Each Home Counts, the long-awaited review of the consumer experience of energy efficiency and renewable energy by Dr Peter Bonfield, was published before Christmas. It offers plenty of food for thought for everyone involved in delivering green measures for householders.
The trade taking on more accountability is a key theme, with the report emphasising that quality should not be lost in the quest for quantity – and that’s certainly something we agree with.
Only those firms whose work actively reduces fuel poverty and carbon emissions will survive in the long-term. To incentivise high standards, a voluntary ‘license to operate’ is recommended – something that can be revoked in the case of sub-standard work.
Poor quality jobs are highlighted in the report, though it does emphasise that these are a minority. It’s fair to say that some poor jobs and disappointed customers is still too many, if at times, there is not quite enough acknowledgement that the insulation sector is not the only one to have endured teething problems with the quality of workmanship.
It can’t be forgotten, too, that accountability is a two-way street. The Government must find ways to generate the market, as installers must deliver quality work when that market is there.
To tackle the quality issues detailed, a recognised mark, consumer charter and code of conduct are recommended, while its also suggested that installers should have to prove their relevant training. Whatever form it takes, we firmly believe that any certification required following the review should be affordable to all market entrants, small and large.
Better information for both installers and customers is also called for, backed up by tapping the benefits of digital technology. Improved technical monitoring, an information hub and a data warehouse, open to both those doing the work and those standing to benefit from it, are also put forward.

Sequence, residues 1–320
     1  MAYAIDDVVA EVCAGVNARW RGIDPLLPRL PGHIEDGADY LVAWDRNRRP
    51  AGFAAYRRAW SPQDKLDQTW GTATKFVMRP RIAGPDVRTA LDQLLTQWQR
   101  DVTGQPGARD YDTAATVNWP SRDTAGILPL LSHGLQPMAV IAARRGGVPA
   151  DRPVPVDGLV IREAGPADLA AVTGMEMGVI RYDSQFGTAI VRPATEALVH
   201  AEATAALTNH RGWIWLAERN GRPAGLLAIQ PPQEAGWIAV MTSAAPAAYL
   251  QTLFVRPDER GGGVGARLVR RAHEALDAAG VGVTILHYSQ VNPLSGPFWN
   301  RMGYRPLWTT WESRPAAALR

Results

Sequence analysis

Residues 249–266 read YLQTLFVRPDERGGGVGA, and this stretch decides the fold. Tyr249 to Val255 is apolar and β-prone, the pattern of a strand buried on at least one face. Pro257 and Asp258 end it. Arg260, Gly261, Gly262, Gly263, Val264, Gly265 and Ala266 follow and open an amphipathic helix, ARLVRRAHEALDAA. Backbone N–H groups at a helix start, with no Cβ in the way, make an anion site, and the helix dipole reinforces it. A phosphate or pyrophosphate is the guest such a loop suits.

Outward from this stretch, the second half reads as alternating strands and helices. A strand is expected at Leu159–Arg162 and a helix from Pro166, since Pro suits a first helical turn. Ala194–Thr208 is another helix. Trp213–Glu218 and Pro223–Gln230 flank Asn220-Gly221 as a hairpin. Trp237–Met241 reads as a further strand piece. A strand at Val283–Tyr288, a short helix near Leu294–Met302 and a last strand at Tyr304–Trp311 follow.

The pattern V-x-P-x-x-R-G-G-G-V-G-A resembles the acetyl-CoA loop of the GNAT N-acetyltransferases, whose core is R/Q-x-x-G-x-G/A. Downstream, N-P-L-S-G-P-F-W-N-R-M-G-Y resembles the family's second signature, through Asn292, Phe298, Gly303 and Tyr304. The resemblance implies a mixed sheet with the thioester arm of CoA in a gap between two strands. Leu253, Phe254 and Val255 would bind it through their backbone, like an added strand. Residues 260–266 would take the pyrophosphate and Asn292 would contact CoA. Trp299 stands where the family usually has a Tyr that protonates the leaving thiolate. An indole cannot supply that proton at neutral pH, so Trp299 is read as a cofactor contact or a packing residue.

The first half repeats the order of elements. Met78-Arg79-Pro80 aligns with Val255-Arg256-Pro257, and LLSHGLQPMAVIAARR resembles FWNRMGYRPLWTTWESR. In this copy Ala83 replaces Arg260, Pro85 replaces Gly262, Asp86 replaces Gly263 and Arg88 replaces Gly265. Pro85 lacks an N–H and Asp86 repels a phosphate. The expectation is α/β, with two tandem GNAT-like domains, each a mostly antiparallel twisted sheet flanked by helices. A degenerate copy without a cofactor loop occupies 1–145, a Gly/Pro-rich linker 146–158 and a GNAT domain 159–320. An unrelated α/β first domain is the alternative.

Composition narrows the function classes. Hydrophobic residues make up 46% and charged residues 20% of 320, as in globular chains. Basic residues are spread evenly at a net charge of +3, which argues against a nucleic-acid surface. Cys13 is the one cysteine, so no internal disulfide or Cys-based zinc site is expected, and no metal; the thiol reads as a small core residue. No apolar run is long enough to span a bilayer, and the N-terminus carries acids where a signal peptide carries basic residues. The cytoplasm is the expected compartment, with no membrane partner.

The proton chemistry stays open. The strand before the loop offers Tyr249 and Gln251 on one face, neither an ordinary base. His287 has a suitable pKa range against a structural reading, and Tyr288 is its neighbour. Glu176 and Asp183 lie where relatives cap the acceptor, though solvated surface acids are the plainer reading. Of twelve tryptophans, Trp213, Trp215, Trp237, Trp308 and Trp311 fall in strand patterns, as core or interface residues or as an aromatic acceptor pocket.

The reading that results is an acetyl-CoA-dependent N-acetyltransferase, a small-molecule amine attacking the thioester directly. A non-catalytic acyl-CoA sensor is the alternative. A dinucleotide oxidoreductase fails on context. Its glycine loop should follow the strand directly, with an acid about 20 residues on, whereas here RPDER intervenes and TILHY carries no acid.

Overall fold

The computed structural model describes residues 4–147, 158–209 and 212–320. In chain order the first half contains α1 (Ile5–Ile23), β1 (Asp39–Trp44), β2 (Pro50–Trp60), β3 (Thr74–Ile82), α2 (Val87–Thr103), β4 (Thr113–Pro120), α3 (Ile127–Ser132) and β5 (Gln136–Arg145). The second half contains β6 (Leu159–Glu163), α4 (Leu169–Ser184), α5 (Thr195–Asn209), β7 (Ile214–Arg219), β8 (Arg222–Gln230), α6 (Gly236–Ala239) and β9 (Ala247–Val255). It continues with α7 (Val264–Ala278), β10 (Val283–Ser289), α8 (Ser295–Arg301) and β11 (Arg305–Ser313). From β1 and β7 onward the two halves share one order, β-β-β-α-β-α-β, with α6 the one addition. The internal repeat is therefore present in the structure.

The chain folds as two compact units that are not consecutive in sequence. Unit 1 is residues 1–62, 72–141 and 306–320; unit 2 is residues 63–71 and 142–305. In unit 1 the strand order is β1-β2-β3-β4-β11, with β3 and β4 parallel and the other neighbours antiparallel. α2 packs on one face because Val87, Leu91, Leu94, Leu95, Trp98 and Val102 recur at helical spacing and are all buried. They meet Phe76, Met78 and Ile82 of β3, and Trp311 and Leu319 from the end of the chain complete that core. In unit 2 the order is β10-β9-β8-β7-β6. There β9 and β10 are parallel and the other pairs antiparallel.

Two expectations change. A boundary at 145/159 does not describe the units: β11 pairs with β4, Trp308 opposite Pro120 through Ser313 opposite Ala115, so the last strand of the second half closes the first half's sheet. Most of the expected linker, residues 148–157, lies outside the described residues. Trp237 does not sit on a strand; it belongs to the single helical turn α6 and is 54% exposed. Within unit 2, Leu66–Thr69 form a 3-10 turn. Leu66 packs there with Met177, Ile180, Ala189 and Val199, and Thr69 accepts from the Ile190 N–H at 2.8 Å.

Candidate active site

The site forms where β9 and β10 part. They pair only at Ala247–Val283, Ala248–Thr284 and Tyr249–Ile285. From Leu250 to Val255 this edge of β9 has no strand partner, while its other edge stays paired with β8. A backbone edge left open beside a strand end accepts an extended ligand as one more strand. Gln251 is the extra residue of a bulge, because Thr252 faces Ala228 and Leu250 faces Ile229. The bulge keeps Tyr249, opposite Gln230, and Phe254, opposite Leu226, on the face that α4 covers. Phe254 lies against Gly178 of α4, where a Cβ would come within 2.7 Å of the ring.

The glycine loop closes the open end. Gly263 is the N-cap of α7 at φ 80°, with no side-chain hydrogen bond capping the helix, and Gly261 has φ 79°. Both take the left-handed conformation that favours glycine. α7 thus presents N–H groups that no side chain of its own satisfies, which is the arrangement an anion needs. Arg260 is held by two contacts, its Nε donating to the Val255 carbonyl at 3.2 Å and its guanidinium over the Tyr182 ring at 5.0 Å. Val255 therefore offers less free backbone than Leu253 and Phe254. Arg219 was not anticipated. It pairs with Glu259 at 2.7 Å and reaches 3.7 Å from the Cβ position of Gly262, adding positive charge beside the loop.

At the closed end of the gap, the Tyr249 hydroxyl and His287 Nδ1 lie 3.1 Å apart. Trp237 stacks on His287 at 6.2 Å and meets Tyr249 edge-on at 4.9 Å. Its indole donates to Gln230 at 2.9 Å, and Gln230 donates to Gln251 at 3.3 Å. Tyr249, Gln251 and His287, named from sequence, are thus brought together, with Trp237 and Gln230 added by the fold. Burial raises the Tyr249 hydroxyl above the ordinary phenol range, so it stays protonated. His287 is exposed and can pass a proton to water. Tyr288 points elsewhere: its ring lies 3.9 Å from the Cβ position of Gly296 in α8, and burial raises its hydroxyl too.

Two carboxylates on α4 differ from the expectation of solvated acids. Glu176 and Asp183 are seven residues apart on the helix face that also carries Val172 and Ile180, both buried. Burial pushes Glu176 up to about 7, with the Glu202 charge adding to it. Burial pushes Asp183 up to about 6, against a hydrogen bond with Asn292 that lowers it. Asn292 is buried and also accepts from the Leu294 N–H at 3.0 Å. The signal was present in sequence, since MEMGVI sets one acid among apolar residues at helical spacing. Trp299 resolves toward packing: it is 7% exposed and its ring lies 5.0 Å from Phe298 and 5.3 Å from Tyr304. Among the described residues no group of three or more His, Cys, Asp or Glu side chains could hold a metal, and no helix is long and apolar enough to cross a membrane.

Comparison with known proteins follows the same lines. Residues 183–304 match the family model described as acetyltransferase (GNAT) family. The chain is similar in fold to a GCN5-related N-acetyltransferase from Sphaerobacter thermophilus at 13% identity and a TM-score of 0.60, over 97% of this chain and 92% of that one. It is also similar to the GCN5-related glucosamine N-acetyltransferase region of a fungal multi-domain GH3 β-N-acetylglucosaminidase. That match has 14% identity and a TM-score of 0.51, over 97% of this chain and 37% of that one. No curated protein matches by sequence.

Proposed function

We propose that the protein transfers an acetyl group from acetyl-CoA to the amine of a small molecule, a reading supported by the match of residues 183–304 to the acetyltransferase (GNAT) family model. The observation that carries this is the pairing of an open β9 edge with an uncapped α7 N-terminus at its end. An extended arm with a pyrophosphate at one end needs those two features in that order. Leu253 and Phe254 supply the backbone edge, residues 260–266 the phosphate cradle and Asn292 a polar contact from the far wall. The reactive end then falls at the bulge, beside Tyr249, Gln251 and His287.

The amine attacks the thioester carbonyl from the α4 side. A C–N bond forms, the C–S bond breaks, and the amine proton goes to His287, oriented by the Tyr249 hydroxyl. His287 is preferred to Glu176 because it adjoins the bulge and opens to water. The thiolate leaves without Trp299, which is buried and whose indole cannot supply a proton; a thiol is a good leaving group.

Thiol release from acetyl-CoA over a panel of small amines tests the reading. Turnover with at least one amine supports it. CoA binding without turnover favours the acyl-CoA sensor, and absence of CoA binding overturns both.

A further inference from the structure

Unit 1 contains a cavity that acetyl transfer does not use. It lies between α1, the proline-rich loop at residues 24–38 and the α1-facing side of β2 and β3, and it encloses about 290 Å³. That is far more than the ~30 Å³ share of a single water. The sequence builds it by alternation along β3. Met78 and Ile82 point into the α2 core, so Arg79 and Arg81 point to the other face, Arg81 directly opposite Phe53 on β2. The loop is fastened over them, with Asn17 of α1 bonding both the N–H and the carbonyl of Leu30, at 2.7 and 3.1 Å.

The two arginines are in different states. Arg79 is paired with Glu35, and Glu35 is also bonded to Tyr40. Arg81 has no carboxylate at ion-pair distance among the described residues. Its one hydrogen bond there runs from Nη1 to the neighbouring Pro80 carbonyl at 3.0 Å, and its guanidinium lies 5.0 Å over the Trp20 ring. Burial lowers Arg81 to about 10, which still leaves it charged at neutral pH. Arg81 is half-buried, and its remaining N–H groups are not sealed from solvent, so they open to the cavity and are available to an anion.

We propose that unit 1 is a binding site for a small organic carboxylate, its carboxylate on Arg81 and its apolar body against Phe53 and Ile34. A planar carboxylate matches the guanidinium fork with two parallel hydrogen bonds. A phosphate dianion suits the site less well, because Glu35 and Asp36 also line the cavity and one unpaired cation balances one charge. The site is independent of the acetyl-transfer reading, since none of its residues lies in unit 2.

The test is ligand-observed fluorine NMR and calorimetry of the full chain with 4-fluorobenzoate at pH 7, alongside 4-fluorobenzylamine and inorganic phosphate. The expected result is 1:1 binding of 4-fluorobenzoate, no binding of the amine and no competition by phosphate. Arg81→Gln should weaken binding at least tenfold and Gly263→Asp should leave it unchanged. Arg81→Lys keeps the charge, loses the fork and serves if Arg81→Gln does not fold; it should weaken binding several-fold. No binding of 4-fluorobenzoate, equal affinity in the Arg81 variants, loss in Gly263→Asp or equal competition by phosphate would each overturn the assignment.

The necessity of Energy Performance Certificates (EPCs) is rightly pointed out as a unique chance to engage with consumers. With 65% of English homes still standing to benefit from energy efficiency measures, the opportunity is huge, if it’s done right – and that goes for both sides; installers and Government.
The fact that designers are singled out as a key part of the home energy efficiency process is welcome, too. Our Superglass Solutions team work with those putting together even the most complex specifications – and it’s the small details that can make a lot of difference in delivering the quality jobs that the report stresses need to be the norm.
There are other interesting points of note, the stand out probably being a hint that Ofgem could look at ways of compensating consumers for poor practice. But right now, the review commits the Government to nothing, so the next few months will be crucial as we see just what recommendations will implemented.
The industry is in the process of giving some practical feedback to the findings – and we’ll keep you posted on what happens next. In the meantime, if you have any questions about the report and its implications, don’t hesitate to get in touch.